2. "I'd be keen to hear more about how buddhist thought and practice touches your lived experience."

    I'll have to consider that. I suspect it is the case that the cliched view of our egos is correct. We all have the constructed version of ourselves in which we would like to believe, and then there is the often unobserved (at least by own selves) reality. Ironically, I suppose such an observation and honest appraisal would be a form of introspection consistent with (if not unique to) the concept of "buddhist thought and practice."

    As it is, I am currently unaware of how either touches my lived experience. That is not to say there is no influence, but more to say I am not particularly conscious of it. This is in no small part owing to the fact that I haven't had a regular "Buddhist practice" in well over a year, not since circumstances undercut my ability to continue practicing with the sangha I had been with for 15-16 months. The fact that I have in the last month moved nearly eight hours distance from my previous residence precludes the option of returning to that group or teacher in the foreseeable future.

    While the changes that have occured over the last three to four years in the philosophical underpinning of my personal cosmology were greatly accomodated by and influenced by Buddhist tradition, this is in more of the abstract realm. Paradoxically, however, I am interested in the day-to-day outcome of such traditions at least as much as how well they lend themselves to abstract musings. In other words, the "daily cosmology" and assumptions about the world, not the "big cosmic picture" stuff.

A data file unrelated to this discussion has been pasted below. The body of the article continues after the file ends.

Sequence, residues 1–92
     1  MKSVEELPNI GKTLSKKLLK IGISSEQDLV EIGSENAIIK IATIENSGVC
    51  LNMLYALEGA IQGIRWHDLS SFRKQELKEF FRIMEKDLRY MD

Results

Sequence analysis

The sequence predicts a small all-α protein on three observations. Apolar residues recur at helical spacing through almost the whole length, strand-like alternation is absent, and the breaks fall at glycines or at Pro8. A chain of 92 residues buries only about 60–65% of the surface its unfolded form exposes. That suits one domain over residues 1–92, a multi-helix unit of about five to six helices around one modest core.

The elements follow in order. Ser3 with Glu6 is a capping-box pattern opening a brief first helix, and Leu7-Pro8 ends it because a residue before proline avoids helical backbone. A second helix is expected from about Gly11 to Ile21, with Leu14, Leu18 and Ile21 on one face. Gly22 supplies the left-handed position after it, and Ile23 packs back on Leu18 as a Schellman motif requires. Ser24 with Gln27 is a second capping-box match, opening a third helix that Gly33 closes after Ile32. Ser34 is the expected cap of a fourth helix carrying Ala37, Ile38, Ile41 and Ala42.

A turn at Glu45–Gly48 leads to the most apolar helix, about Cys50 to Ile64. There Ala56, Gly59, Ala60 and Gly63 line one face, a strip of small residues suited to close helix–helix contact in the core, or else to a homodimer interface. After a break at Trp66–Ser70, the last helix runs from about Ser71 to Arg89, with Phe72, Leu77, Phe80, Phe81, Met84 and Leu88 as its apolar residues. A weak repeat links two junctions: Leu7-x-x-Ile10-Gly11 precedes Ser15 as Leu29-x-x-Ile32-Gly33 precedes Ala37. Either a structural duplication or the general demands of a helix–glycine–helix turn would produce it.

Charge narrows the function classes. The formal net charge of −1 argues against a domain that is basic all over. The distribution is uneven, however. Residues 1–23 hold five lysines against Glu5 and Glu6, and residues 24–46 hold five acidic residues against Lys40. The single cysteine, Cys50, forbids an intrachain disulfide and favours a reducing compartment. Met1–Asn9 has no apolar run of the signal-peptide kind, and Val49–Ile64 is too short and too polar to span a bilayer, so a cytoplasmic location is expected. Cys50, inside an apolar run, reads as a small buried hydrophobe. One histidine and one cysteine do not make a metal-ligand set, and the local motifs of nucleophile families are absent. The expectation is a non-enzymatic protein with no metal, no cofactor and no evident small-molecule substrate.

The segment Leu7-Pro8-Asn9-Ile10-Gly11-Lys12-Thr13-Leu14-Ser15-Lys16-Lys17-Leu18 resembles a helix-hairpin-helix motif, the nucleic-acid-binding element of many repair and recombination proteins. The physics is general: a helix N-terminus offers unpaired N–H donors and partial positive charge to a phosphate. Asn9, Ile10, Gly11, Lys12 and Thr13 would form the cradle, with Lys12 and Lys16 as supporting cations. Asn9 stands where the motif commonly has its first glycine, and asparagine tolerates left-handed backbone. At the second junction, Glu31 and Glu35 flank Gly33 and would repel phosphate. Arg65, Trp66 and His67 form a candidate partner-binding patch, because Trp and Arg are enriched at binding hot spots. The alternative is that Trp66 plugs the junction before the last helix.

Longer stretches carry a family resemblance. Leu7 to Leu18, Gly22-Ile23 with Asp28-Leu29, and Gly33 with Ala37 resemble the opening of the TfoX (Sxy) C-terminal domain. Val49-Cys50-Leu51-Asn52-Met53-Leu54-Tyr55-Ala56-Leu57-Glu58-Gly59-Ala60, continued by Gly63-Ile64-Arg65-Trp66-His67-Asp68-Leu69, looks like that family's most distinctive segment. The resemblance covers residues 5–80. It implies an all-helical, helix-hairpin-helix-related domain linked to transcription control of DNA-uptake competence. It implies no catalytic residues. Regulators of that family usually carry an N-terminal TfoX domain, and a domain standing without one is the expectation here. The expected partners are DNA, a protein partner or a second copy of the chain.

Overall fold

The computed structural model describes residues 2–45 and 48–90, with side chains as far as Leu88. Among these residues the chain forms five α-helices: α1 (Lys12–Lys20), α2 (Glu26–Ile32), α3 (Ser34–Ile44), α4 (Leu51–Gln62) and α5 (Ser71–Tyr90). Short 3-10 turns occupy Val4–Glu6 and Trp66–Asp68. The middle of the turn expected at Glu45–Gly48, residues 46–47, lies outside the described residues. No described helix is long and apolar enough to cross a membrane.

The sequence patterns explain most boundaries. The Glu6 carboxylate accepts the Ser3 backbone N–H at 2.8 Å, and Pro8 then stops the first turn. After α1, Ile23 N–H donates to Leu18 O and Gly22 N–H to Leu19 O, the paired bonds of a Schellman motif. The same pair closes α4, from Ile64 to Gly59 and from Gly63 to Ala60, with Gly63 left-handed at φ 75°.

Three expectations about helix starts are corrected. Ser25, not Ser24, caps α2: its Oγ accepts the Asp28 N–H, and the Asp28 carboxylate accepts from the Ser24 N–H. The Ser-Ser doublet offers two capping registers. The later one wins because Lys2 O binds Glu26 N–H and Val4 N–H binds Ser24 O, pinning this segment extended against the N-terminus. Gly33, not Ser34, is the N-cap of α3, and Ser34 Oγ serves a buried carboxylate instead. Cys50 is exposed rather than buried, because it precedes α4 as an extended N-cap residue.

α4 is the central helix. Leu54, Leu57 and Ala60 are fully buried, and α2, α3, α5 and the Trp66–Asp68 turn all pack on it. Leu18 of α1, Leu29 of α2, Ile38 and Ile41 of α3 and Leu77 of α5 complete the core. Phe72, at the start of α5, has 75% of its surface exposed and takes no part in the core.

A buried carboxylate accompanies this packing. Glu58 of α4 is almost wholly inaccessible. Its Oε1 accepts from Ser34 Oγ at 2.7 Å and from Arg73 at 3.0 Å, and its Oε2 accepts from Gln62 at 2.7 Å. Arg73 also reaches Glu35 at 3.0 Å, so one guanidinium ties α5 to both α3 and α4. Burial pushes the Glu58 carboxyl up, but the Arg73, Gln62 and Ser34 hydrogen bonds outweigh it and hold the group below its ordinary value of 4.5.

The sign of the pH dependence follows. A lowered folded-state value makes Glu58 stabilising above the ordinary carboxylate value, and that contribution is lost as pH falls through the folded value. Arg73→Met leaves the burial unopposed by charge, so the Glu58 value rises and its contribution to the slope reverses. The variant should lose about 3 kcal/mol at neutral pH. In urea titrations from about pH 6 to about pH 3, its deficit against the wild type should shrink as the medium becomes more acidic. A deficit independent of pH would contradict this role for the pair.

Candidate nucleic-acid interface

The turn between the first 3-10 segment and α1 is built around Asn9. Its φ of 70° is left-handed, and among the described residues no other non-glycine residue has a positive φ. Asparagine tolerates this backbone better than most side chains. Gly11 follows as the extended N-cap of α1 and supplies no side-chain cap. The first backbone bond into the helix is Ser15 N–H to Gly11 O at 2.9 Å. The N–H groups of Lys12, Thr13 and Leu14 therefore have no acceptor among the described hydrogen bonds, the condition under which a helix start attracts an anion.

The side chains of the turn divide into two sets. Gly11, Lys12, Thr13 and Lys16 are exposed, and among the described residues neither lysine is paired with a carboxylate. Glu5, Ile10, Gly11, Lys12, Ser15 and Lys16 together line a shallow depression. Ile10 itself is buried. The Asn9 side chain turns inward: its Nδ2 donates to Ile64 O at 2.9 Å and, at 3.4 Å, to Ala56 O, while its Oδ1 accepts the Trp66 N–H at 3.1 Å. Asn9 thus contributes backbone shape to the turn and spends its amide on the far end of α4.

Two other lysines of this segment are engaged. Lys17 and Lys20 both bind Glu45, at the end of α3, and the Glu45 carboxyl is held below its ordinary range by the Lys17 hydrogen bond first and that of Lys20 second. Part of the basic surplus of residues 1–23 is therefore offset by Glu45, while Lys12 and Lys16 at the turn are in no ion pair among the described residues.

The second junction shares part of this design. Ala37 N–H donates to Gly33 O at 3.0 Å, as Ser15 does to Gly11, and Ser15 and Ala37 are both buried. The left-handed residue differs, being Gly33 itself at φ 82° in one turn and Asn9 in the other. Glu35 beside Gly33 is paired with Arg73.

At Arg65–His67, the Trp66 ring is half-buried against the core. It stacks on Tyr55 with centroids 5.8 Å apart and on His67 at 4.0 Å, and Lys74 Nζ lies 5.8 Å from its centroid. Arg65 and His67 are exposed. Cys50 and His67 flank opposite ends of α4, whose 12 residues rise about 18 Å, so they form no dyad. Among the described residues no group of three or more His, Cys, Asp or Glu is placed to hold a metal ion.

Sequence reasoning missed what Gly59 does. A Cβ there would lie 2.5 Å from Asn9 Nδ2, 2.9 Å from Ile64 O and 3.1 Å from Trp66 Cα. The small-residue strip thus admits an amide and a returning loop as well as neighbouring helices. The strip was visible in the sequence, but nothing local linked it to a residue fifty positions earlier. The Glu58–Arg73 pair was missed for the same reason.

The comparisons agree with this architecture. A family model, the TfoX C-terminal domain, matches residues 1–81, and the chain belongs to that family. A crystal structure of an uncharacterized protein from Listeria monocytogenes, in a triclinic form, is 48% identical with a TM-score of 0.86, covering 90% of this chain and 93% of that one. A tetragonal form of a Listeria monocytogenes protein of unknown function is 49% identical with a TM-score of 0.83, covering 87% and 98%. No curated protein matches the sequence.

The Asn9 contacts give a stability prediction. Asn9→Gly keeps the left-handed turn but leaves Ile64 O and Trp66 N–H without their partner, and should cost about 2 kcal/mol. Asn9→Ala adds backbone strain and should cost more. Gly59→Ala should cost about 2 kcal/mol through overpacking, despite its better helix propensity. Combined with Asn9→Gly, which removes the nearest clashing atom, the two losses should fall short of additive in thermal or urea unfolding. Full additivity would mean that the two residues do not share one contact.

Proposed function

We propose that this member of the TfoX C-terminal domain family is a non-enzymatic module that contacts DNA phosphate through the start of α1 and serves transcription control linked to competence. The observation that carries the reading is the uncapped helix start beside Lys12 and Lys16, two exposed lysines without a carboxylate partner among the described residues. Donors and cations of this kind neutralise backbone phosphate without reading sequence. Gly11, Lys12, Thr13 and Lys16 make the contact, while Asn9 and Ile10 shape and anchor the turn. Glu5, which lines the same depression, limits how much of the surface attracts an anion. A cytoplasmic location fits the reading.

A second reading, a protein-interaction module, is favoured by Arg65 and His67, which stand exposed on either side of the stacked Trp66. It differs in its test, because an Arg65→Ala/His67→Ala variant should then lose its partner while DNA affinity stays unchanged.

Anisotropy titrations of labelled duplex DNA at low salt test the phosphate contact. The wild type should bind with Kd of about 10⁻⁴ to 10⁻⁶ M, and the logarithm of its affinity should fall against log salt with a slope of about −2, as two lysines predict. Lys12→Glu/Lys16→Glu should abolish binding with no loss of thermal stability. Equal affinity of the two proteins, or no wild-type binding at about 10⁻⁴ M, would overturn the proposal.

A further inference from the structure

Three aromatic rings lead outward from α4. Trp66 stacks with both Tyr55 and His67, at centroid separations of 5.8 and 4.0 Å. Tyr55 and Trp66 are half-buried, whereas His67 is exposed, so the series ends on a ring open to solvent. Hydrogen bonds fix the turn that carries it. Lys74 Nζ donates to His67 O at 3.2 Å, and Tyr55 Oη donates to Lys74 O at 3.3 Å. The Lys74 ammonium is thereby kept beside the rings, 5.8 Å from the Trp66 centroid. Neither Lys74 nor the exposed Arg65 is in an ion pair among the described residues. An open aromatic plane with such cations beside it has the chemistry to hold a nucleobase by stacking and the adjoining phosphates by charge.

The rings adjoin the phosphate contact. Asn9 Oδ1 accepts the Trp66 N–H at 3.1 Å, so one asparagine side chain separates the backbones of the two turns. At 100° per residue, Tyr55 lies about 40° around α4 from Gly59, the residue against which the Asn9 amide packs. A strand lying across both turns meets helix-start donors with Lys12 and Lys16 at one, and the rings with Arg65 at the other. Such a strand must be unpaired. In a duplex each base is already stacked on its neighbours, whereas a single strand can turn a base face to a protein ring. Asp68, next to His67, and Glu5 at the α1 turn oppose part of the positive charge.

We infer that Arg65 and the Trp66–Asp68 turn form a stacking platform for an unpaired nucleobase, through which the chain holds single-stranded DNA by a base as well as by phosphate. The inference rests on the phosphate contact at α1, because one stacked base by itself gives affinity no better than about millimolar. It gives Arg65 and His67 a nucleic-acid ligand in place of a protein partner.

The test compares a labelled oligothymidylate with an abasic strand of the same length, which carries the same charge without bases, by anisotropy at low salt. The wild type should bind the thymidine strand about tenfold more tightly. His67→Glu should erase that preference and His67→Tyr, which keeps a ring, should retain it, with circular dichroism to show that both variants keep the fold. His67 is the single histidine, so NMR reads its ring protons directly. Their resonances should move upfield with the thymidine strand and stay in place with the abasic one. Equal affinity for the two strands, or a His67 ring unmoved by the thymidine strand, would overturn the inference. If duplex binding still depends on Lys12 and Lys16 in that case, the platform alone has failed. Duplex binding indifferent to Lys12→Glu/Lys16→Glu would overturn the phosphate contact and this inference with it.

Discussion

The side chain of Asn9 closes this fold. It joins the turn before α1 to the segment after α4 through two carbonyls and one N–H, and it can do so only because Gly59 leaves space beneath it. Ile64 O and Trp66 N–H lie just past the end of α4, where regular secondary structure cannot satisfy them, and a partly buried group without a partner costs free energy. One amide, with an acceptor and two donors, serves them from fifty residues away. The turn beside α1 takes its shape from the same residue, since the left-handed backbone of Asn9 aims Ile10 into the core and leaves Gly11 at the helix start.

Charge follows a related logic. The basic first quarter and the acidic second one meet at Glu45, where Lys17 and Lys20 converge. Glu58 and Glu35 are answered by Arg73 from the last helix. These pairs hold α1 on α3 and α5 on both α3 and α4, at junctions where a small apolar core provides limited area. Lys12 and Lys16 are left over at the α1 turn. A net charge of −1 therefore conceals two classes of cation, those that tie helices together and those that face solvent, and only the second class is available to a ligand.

And while Buddhism is a tradition which suggests an equivalence between these two views (the extraordinary and the mundane, the cosmic and the commonplace), I still think most of that has been an intellectual exercise for me. A successful exercise to be certain, in which I've gone into all sorts of interesting thought-experiments and cool realizations of how concepts fit together in amazing ways, but I am not sure I would say that it makes a difference to me when I go to work, sit in traffic, or cook my dinner. But then, my understanding of Buddhism is allowing oneself to see what is, not the projection of our assumptions and cravings and hangups. So it is simple, yet very difficult. If dinner is just dinner and work is just work, then what is there to seek?

    I can be pretty sure that there are still plenty of underlying motives and implict prejudices coloring everything I see, so I can be assured that I am constantly taking myself away from/letting myself be distracted from the truth and balance and simplicty of Bodhi/Buddha-nature. But I also feel that Buddhism, intellectually at least, has helped me to consider/open my eyes to possibilities about the meaning of existence and the potential of life that I had previously ignored or dismissed. This includes not just readings or dharma talks, but such lessons also came from things like prostrations and bowing.

    I don't know if that means I was already "Buddhist" in some ways and simply found a philosophically compatible and liturgically interesting tradition to affiliate with or if I am one of the many Westerner folk for whom "Buddhism" is simply a palate on which can one explore non-traditional or non-mainstream spiritual orientations that are otherwise obscured or neglected by the current orthodoxy in the Abrahamic traditions (with a twist of exotic Eastern mystery).